The notion of unfair preferences is well-known to liquidators, accountants, lawyers and many in business (often from the unfortunate experience of receiving a demand from a liquidator for return of an unfair preference).

The concept of an unfair preference is not controversial: an unsecured creditor that receives a payment from a debtor company whilst the debtor is insolvent receives an unfair preference over other unsecured creditors of the company to whom the insolvent debtor still owes money. Subject to some limited defences, the recipient of the unfair preference must pay back the money to the debtor company’s liquidator, and then prove for the debt in the winding up along with the other unsecured creditors.

What is the subject of controversy, is what is the status of a payment which the creditor receives not from the debtor company itself, but from a third party?

That question was the subject of a decision handed down by the Supreme Court of New South Wales earlier this year in the matter of Western Port Holdings Pty Ltd (receivers and managers appointed) (in liq) [2021] NSWSC 232.

The decision in this case is an important lesson for creditors who, knowing that a debtor is insolvent, seek to avoid the risk of an unfair preference claim by having a related party of the debtor company (such as a director or shareholder) pay the debt instead of having the debtor company pay the debt.

The facts

The liquidators of Western Port Holdings Pty Ltd (Company) sought to claw back from the Commissioner of Taxation (ATO) over $2 million which the ATO had received in payment of the Company’s tax liabilities, on the basis that those payments were unfair preferences within the meaning of section 588FA of the Corporations Act 2001 (Cth) (Act).

Subsection 588FA(1) of the Act provides that:

“(1)  A transaction is an unfair preference given by a company to a creditor of the company if, and only if:

      •  the company and the creditor are parties to the transaction (even if someone else is also a party); and


      •  the transaction results in the creditor receiving from the company, in respect of an unsecured debt that the company owes to the creditor, more than the creditor would receive from the company in respect of the debt if the transaction were set aside and the creditor were to prove for the debt in a winding up of the company;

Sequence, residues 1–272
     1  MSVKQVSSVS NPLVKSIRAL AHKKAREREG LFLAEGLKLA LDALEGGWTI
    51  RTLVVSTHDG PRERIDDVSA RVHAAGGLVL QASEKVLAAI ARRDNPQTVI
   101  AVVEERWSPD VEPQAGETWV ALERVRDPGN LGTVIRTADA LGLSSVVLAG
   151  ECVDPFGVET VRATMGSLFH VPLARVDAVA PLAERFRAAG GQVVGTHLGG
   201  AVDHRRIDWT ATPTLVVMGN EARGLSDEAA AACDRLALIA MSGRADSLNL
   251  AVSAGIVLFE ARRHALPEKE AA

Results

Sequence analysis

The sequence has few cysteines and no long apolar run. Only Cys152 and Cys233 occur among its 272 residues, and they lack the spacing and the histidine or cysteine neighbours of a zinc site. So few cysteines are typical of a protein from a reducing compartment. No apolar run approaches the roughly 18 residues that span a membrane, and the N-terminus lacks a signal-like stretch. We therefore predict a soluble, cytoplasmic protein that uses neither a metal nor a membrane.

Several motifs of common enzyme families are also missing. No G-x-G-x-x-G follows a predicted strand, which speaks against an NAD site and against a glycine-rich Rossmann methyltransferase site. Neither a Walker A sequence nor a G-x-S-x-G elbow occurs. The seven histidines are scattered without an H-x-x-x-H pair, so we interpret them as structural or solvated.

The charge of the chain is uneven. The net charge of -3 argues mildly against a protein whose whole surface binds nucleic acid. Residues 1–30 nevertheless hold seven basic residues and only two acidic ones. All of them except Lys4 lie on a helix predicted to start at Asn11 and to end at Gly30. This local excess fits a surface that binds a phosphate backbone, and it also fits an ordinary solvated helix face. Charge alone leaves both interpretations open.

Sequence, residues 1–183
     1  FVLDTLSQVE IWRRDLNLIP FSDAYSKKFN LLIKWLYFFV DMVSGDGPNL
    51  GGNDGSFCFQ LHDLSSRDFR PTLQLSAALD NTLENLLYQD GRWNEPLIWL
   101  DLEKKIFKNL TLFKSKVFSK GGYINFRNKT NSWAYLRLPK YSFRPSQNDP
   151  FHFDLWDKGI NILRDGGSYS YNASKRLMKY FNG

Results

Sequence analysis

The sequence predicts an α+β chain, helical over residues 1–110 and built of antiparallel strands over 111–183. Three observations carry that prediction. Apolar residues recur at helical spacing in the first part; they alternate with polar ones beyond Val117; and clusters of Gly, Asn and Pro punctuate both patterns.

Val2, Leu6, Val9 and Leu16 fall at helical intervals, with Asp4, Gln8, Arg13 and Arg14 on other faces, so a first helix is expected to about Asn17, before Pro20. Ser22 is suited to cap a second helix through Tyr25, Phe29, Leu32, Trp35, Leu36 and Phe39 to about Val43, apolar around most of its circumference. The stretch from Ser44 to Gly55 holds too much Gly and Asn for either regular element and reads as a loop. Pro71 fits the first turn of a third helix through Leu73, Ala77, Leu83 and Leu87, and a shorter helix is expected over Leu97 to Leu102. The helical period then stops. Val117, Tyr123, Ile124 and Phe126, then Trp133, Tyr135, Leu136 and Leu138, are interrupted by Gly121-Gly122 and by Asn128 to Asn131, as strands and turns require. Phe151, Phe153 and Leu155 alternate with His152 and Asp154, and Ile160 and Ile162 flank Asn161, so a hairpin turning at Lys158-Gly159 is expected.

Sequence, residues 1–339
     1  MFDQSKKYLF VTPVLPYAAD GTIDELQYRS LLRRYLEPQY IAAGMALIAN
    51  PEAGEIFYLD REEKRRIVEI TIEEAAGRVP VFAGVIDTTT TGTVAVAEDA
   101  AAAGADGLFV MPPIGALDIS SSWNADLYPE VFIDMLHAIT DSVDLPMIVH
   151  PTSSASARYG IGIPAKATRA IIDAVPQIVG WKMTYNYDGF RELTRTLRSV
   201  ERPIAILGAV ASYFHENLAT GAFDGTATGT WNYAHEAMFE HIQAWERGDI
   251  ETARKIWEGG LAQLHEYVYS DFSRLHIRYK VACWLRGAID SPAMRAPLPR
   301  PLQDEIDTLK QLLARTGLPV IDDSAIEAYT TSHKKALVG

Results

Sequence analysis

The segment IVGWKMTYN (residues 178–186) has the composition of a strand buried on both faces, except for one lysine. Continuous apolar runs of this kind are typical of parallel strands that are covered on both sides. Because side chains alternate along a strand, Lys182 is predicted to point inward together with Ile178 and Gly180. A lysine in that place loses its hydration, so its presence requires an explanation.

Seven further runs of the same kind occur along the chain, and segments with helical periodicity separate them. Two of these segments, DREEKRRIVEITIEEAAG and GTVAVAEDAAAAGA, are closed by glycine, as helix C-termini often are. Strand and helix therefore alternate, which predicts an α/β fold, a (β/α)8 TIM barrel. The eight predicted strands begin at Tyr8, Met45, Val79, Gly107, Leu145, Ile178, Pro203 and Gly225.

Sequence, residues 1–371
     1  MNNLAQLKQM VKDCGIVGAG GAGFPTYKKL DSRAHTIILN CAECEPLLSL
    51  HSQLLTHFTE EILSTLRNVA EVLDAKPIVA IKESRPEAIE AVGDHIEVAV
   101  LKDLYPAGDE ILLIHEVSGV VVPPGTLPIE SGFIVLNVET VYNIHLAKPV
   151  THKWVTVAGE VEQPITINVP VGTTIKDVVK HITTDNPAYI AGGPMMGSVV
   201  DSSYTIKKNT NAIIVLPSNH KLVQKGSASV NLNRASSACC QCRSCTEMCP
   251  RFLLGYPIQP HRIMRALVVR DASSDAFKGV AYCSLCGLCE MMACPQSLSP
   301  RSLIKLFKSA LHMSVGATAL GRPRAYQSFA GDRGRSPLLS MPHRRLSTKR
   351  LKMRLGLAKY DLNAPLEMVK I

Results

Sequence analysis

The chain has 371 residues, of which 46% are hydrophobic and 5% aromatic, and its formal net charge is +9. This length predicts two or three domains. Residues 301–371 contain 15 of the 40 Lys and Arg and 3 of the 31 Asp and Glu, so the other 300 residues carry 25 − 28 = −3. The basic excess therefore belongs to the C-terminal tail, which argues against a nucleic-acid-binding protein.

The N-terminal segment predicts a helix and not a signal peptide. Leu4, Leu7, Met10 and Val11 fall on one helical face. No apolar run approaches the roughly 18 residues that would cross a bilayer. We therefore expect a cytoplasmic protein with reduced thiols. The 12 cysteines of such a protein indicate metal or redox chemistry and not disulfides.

even if the transaction is entered into, is given effect to, or is required to be given effect to, because of an order of an Australian court or a direction by an agency.”

[emphasis added]

The Company had previously been subject to a deed of company arrangement (DOCA) administered by the current liquidators, the aim of which had been to ensure that employee creditors of the Company were paid their entitlements in full and that all other unsecured creditors received between 5.13 and 8.36 cents in the dollar. However, the Company repeatedly defaulted in its obligations under the DOCA and the creditors ultimately resolved to terminate the DOCA and wind up the Company in May 2017.

During the 18-month period that the DOCA was on foot, the ATO had received 37 payments in respect of the Company’s tax debts, only 26 of which had been paid directly from the Company’s accounts and the remaining 11 of which had been made by related third parties.

When the matter came to hearing, Rees J had to determine (among other issues) whether the payments which the ATO received directly from the third parties were payments received from the Company, that is, whether the third-party payments amounted to unfair preferences given by the Company.

Were the third-party payments unfair preferences given by the Company?

Her Honour noted that, when determining whether an unsecured creditor has received a payment from a debtor company that has in fact been paid by a third party, the existing authorities require the Court to have regard to the following matters:

    • whether the benefit conferred by the third party on the creditor was a benefit to which the company was otherwise entitled (for example, by reason of a contract between the company and the third party or because the third party owed money to the company)?


    • whether the third party was a related entity to the company, by reason of common directors or shareholders, or interdependence of financial arrangements, such that payment by the third party could be regarded as effectively payment by or at the direction of the company?


    • whether the third party payment was a loan to the company (namely, was the payment recorded as a loan in the books of the company)?


In the present case, the third party payments received by the ATO had consisted of: